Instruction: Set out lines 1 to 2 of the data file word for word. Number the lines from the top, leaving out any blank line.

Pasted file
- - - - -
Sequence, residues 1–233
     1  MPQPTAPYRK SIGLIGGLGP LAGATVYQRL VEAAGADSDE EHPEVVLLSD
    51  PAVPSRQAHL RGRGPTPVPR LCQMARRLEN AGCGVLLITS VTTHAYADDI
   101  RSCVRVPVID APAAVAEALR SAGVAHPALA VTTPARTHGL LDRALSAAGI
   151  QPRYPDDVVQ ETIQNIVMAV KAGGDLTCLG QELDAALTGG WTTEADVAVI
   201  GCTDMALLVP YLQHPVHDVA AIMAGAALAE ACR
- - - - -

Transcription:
Sequence, residues 1–233
     1  MPQPTAPYRK SIGLIGGLGP LAGATVYQRL VEAAGADSDE EHPEVVLLSD